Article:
Imitation is not the greatest form of flattery for La Vela Dining & Bar owner Antonio Mauro, as the veteran restauranteur battles customer confusion and encroachment from a nearby competitor with a near-identical name.
“It could ruin my business,” said Mauro, who has operated the popular Neapolitan eatery on 11th Avenue between W42nd and W43rd Street since 2015. A strikingly similar-sounding restaurant, called La Vela Pasta, has appeared on 9th Avenue, with little online information to accompany it other than GrubHub and DoorDash pages — leading to an onslaught of customer confusion, missed reservations, and complaints over takeout ordered from the wrong location.
“It’s been happening for a couple of months now,” said Mauro. “I started having a lot of complaints to our food delivery platform — people calling regarding food not delivered to them, being overcharged by the other restaurant, customers coming in to claim reservations that we didn’t know we had and people leaving after we dropped the menu because they were expecting a totally different type of restaurant.” The other La Vela appears to offer Americanized Italian dishes and New York-style pizza that “we just don’t do,” said Mauro.
Mauro takes pride in the restaurant’s commitment to authentic Italian cuisine, pointing out that La Vela Dining & Bar is a member of the Italy-America Chamber of Commerce “We get inspected once a year from Italy and we strictly import our products from Italy,” he explained. Mauro is frustrated that some customers seeking traditional Neapolitan cuisine have found themselves with the other La Vela’s vastly different offerings and have turned disappointedly to him, assuming that the two are linked. “Even the lettering on their logo is pretty close to mine,” said Mauro. “It’s not clear that we’re not part of them, because they don’t even have a website. It feels like they use my reputation for some goods.”
An additional concern is not just the potential for customer mixups, but in city fines and citations, said Mauro. “It’s very possible that if this guy gets a fine — let’s say from a fire department inspection — because of what I’ve been through in the past, that fine could get delivered to me.”
Mauro initially turned to DoorDash for help in delineating the two eateries, but “I spent an hour on the phone, they put me on hold for 20 minutes, and then they hung up the phone on me,” he said. W42ST reached out to both DoorDash and GrubHub to inquire whether there are any policies in place to prevent restaurants from piggy-backing on the brand of another. We have not yet heard back from GrubHub, and a representative from DoorDash replied that they would investigate the matter. GrubHub has previously been clocked for allowing restaurants with fraudulent address registrations to operate unregulated on the platform, where they were found to have listed dozens of illegal “ghost kitchens” (NBC 4 New York).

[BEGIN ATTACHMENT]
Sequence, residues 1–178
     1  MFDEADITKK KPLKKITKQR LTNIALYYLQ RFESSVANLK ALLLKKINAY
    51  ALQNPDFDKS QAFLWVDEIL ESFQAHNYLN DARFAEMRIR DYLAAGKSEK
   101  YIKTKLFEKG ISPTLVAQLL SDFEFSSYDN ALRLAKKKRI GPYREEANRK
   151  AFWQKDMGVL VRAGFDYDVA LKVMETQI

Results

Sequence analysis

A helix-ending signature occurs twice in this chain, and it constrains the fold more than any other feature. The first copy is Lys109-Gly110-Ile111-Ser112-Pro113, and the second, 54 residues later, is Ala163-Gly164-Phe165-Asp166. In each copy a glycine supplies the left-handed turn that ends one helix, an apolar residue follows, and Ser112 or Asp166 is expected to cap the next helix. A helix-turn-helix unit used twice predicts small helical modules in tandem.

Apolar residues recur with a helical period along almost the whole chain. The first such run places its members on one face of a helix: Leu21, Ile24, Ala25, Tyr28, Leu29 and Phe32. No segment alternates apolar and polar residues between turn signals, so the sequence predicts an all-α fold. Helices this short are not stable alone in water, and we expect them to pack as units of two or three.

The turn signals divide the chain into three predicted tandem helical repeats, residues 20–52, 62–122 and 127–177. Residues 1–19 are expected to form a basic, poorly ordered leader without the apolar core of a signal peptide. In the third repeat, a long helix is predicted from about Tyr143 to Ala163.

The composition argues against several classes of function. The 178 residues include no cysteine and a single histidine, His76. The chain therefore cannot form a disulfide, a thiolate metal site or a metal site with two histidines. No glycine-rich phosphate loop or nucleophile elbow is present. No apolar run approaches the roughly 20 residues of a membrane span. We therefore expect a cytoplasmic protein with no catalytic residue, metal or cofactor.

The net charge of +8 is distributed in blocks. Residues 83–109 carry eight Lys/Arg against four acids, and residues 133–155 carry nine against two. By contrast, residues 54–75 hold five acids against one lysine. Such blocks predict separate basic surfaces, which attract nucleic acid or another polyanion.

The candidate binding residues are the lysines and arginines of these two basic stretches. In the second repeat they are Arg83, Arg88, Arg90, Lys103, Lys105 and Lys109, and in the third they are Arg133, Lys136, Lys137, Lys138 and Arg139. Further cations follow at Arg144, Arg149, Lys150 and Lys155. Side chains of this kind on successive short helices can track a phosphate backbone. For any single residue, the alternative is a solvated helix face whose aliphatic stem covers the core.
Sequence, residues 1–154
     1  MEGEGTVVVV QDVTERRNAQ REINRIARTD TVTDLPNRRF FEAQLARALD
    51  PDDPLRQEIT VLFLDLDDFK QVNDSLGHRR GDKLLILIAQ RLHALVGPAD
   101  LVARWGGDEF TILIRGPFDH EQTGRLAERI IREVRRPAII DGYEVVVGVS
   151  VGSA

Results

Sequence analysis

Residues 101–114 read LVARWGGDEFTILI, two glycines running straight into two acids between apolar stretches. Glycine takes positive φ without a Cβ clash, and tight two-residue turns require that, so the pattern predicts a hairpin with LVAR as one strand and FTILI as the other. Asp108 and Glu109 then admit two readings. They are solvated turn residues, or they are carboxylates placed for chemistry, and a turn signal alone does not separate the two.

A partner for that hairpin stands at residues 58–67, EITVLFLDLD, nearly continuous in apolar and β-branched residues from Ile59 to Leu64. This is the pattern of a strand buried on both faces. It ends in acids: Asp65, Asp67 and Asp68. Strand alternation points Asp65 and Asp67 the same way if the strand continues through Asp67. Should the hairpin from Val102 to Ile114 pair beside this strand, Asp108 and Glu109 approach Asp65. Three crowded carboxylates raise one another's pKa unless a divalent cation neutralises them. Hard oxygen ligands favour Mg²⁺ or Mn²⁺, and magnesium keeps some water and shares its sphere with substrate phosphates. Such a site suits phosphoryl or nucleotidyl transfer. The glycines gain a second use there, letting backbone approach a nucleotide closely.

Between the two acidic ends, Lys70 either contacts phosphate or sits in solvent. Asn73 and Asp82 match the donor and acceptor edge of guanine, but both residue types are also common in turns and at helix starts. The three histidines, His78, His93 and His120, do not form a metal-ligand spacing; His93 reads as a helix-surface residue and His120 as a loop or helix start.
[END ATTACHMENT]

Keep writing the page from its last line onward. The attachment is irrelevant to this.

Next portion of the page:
W42ST visited the 9th Avenue La Vela — here labeled as “M & Pizza” with no outward “La Vela” branding — an employee confirmed that the restaurant is a pizza and pasta takeout spot and was unsure why the owner had chosen the name “La Vela” for its online platforms. In addition to La Vela Dining & Bar, which is registered with the New York State Department as La Vela Ristorante Inc, there are two other active registrations using the words “La Vela” — one, an artisan self-care retail business known as La Vela Factory, the other an unidentified business registered to Kings County, Brooklyn. W42ST reached out to the NYS DOS regarding the unidentified business and has yet to hear back. Mauro also says he hasn’t been able to get in touch with the operators.
The copycat chaos was the latest frustration for the restaurateur after a challenging pandemic period where, despite applying for multiple grants and federal aid, “we were not awarded money,” said Mauro, adding that he was thankful for the generosity of the restaurant’s landlord at Riverbank West. “They understood the situation and they tried to help me back up,” he said, “but we still struggle because the area has changed a lot” since the pandemic. “We’re still trying to get out of the struggle and get the place back to where it was back in 2019,” he added. “It’s not easy — and now we have this news? I’m dealing with complaints every week.”
Mauro hopes the matter can be resolved soon so that he and his team can go back to concentrating on all of the hard work they’ve already put into La Vela Dining & Bar. Said Mauro of the imitation La Vela: “I’m not here to judge people, but you need to be careful when you try to promote your business. Don’t use somebody else’s sweat and love and passion for the business to make you great too.”
UPDATE: A representative from DoorDash responded to W42ST with the following statement: “As part of our commitment to providing a safe and high-quality service for merchants, Dashers, and customers, we continually monitor the platform to detect and prevent fraudulent behavior. We are actively investigating this issue and have reached out to both merchants to understand the situation. La Vela Pasta was immediately deactivated, and we’ve been in touch with La Vela Dining and Bar.” The La Vela Pasta DoorDash page has been removed.